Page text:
<pandas.core.groupby.generic.DataFrameGroupBy object at 0x1133c6cd0>

In this case, you have not referred to any columns other than the groupby column. In such cases, you only get a pointer to the object reference. To get a series you need an index column and a value column. The groupby object above only has the index column.

However if you try:

grouped_df1=df.groupby([‘gender’, ‘age’]).sum()

and you print out the dataframe; then, you get some unusual results that don’t make sense. For example, the item_id numbers are (pointlessly) added together.

If you do group by multiple columns, then to refer to those column values later for other calculations, you will need to reset the index.


Another use of groupby is to perform aggregation functions. My favorite way of implementing the aggregation function is to apply it to a dictionary. The column name serves as a key, and the built-in Pandas function serves as a new column name. The function is applied to the series within the column with that name. Each function has to be in square brackets and


The nunique function finds the number of unique values in the column, in this case user_name.

Dictionaries inside the agg function can refer to multiple columns, and multiple built-in functions can be applied to the each of the original column names. I made the relatively long code line,

‘purchase_id’: [‘count’],
‘price’:[‘min’, ‘max’, ‘mean’, ‘sum’]})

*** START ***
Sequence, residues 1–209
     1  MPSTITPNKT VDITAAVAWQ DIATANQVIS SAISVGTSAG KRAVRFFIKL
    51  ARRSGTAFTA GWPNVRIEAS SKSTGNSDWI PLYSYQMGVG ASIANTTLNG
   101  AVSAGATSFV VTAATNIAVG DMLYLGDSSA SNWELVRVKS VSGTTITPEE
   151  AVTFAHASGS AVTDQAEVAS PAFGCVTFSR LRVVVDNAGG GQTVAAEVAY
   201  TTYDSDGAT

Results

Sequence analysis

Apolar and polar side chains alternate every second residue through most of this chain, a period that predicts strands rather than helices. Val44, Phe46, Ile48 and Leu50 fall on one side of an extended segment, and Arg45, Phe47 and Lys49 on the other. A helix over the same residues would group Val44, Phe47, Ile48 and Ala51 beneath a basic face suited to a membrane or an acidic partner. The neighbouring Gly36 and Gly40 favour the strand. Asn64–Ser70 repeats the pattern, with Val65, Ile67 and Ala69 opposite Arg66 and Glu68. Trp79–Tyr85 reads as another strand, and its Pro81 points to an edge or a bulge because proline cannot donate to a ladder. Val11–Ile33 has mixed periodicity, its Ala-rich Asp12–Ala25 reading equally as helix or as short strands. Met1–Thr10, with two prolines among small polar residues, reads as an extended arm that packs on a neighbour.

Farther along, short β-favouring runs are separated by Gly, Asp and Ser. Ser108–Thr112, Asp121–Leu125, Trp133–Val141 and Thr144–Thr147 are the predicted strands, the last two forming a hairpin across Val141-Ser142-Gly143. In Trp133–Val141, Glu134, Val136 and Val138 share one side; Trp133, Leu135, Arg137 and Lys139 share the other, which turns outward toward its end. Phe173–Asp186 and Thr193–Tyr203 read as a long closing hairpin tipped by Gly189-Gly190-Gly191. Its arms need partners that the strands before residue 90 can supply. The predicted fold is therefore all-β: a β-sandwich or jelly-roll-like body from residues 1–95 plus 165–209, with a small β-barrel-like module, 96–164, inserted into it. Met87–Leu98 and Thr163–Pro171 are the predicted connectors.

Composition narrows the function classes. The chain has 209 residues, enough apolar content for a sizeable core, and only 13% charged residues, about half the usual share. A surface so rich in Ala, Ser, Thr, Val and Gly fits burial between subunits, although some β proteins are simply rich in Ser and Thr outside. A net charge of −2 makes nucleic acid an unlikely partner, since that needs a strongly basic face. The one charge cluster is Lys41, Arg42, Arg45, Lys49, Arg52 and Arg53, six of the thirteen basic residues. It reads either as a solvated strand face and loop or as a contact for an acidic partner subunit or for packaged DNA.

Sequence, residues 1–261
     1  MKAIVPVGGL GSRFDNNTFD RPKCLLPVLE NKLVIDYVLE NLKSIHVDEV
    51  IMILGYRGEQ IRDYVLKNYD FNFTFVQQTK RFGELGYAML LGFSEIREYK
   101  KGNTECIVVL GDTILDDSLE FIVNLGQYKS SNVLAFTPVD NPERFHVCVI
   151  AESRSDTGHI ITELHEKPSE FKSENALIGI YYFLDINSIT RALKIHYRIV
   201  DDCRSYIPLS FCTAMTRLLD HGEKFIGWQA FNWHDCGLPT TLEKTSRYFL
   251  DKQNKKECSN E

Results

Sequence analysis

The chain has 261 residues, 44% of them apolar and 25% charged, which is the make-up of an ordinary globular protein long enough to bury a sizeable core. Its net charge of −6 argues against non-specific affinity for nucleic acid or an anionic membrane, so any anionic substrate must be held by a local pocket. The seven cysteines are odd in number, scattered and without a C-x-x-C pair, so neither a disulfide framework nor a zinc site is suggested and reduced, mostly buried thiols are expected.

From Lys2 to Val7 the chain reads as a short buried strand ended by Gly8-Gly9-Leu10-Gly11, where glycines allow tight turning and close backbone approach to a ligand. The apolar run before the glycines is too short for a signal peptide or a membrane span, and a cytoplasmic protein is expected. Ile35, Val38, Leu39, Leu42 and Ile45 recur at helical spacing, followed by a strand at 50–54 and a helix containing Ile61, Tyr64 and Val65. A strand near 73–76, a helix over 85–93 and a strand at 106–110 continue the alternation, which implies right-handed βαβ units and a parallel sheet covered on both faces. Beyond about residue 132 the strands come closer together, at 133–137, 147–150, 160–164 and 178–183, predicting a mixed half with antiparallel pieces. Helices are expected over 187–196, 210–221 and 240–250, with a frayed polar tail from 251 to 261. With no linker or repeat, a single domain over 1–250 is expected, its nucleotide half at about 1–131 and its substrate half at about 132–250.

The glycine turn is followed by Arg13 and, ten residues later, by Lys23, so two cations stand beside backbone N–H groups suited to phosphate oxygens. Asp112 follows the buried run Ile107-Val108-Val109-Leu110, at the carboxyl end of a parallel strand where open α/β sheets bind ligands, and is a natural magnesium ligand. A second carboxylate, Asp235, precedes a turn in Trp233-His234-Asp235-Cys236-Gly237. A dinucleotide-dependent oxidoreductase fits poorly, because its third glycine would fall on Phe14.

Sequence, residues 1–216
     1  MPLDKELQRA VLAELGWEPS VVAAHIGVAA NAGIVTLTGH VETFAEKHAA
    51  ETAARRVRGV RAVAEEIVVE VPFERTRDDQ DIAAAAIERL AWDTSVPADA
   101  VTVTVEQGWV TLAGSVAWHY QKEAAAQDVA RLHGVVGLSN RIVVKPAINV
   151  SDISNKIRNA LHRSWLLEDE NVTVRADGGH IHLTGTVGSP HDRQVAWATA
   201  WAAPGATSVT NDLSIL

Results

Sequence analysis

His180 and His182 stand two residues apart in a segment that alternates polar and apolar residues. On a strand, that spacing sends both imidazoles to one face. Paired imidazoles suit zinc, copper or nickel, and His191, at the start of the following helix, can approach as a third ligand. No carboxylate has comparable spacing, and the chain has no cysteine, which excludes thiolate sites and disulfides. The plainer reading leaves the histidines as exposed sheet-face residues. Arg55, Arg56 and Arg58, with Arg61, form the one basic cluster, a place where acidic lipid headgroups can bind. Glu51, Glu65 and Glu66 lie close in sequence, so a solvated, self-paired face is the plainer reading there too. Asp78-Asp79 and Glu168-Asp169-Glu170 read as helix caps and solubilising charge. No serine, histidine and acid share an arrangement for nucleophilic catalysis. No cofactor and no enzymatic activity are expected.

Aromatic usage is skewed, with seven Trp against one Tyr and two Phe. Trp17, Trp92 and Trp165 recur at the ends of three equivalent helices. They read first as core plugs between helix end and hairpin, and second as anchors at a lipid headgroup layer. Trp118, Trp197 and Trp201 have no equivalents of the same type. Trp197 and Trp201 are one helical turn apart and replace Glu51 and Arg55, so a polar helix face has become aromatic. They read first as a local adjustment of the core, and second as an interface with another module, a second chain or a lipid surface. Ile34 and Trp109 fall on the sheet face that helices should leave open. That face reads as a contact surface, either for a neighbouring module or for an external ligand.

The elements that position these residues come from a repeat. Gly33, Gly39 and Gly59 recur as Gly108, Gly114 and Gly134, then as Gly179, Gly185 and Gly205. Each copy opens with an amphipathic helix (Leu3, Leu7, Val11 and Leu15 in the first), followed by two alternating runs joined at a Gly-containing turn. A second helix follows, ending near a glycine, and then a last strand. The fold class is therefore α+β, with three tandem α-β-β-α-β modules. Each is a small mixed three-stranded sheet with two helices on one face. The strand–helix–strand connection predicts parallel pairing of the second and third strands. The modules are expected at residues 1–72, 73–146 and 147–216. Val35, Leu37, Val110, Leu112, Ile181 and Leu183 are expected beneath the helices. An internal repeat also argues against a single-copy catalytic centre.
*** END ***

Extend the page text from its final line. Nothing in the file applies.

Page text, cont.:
Because the code is within brackets, no continuation characters are needed to add a line break to the code.

One thing to keep in mind is that, when you print out the dataframe object or groupby object that you create, the new column names will be function names like sum, count, nunique, mean, etc. 

If this is not what you want for the column names, you can change the column names. Beyond just the unusual names, you will often have issues performing functions on a series within a column named after a built-in function. The best way to resolve this issue is to rename the columns. You set the grouped_df.columns equal to a list of strings in quotes.

grouped_df.columns=[‘gender_count’, ‘purchase_count’, ‘low_price’, ‘high_price’, ‘average_price’, ‘total_by_gender’]

You will notice that even though gender is the column grouped by, it is not needed in the list of column names, because it is inherent in the groupby that you created.

Make sure you have the correct number of column names in this column name list, excluding gender, in this case, because the groupby object already includes it. If you have the incorrect number of column names in the list, you will get an error.

After naming the columns, you can make your own functions that use values from several different columns. In this simple example, I calculate the percentage of users of each gender. I don’t just make this into a regular variable, but I make it into a new column of the dataframe object. 

By referencing a column that does not yet exist and setting it equal to the result of the gender_percentage equation, the following statement creates the gender_percentage column and populates the column with values from the custom function. I used a line continuation character to continue the line.

grouped_df[‘gender_percentage’]=\(grouped_df[‘gender_count’])/(grouped_df[‘gender_count’].sum()) * 100

So now, when you print the result, you will see a new column, gender percentage.

The data and the code for the tutorial is available at my github page at:


Python Data Aggregation., retrieved from on Dec. 11, 2019.